Stratigraphies: Forms of Excavation in Contemporary British and Irish Poetry
Downing, Niamh Catherine
Thesis or dissertation
University of Exeter
The copyright of this thesis rests with the author. No quotation from it should be published without the author's prior written consent and information derived from it should be acknowledged.
Reason for embargo
It is intended to submit the thesis for publication as a monograph. Submission guidelines for certain academic publishers suggest that the work should not be available elsewhere (online) in its entirety. Supporting letter has been provided by main supervisor, Dr. Alex Murray.
This thesis intervenes in current critical debates about space, place and landscape in late-twentieth and twenty-first century British and Irish poetry, by examining models of excavation in selected work by Geoffrey Hill, Ciaran Carson, Geraldine Monk and Alice Oswald. It argues that the influence of the spatial turn on literary criticism over the last thirty years has led to the deployment of a limited set of spatial tropes as analytical tools for interpreting the spaces and places of poetry. By deploying excavation as a critical method it seeks to challenge existing approaches that tend to privilege ideas of space over time, and socio-spatial practices over literary traditions of writing place. In doing so it develops a new model for reading contemporary poetries of place that asserts the importance of locating spatial criticism within temporal and literary-historical frameworks. The four poets examined in the thesis exhibit a common concern with unearthing the strata of language as well as material space. Starting from a premise that excavation always works over the ground of language as well as landscape it investigates the literary traditions of landscape writing in which each of these poets might be said to be embedded. After surveying the critical field the thesis sets out four principles of excavation that it argues are transformed and renewed by each of these poets: the relationship between past and present; recovery and interpretation of finds; processes of unearthing; exhumation of the dead. The subsequent chapters contend that these conventions are put into question by Geoffrey Hill’s sedimentary poetics, Ciaran Carson’s parodic stratigraphy, Geraldine Monk’s collaborations with the dead, and Alice Oswald’s geomorphology of a self-excavating earth. The critical method that underpins the discussion in each of the chapters is also excavatory in that it unearths both the historical and literary strata of specific sites (the Midlands, Belfast, East Lancashire, Dartmoor and the Severn estuary) and resonances in the work of earlier poetic excavators (Paul Celan, Edward Thomas, Gerard Manley Hopkins, William Wordsworth, Dante Alighieri and Homer). Through careful exegesis of these poets and their precursors this thesis demonstrates that by transforming existing forms of excavation, contemporary poetry is able to renew its deep dialogue with place and literary history.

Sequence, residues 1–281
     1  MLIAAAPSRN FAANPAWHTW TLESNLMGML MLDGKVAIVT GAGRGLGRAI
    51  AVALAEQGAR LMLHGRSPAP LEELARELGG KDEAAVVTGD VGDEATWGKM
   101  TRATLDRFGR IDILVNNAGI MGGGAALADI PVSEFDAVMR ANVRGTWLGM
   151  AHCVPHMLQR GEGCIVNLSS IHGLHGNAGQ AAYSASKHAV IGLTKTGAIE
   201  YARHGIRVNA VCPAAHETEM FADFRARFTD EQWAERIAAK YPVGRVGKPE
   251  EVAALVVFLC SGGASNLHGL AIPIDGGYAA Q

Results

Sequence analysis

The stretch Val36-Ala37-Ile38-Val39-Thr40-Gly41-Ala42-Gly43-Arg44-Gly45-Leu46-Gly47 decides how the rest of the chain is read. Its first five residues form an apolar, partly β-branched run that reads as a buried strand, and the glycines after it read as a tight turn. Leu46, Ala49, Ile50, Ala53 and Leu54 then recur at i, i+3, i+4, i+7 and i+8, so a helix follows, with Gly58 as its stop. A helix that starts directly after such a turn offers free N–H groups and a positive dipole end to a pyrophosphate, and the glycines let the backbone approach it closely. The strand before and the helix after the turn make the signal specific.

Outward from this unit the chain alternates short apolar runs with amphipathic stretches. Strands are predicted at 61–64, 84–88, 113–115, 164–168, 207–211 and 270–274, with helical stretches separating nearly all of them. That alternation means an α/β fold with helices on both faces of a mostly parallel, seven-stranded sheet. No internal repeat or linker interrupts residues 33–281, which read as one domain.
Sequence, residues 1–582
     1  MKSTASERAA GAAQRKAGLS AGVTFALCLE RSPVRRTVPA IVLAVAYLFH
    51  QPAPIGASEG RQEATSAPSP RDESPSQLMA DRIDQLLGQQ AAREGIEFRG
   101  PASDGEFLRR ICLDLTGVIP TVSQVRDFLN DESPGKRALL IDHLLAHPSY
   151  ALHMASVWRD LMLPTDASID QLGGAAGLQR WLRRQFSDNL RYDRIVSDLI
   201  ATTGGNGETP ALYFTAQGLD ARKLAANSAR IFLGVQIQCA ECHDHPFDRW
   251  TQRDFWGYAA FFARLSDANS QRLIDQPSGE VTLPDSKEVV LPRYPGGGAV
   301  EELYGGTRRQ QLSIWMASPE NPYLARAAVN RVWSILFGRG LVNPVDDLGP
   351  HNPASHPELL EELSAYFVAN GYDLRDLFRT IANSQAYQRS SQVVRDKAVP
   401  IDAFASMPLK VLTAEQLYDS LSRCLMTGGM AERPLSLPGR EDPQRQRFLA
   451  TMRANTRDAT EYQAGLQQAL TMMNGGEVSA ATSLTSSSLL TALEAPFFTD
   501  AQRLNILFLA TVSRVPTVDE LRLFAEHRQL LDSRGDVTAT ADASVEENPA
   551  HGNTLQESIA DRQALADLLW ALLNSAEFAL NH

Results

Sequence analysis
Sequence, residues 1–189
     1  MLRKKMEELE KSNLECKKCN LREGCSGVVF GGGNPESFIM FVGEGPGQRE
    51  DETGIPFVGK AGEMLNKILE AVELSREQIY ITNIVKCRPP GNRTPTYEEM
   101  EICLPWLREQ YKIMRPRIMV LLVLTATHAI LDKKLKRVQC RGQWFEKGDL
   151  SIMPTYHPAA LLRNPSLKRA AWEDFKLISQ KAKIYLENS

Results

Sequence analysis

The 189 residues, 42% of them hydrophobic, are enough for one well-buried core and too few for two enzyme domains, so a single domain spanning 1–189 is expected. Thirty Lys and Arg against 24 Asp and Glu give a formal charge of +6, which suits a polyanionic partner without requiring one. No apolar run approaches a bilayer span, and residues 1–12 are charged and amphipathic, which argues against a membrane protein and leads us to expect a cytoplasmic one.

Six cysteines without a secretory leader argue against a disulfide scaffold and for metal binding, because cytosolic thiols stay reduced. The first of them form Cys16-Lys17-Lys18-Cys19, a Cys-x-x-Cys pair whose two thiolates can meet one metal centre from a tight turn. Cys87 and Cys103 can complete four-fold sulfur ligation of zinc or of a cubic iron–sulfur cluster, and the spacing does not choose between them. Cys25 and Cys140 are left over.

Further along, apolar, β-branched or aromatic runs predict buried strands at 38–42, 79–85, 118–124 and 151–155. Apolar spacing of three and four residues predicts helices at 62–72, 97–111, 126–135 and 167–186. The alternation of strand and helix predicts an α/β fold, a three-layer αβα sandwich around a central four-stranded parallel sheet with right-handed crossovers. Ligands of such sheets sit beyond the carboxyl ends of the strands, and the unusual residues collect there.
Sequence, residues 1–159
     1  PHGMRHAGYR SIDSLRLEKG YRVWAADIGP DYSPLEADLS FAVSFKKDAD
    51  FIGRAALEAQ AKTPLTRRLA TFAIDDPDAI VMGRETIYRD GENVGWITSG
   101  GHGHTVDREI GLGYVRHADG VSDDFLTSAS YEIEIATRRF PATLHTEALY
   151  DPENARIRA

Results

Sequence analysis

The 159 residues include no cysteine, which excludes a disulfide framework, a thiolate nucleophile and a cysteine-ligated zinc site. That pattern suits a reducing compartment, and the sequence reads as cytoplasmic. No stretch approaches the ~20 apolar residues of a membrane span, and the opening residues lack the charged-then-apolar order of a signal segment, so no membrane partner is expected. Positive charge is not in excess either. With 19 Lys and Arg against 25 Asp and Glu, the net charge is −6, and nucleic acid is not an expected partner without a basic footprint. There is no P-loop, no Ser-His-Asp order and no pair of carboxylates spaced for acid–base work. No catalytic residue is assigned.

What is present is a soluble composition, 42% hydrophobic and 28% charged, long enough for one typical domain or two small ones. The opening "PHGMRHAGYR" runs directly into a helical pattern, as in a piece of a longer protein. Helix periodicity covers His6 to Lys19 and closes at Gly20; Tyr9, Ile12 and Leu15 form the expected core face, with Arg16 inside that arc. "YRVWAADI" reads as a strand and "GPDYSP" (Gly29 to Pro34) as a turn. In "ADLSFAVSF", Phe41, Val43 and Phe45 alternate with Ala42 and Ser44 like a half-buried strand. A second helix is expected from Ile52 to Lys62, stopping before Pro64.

PhD in English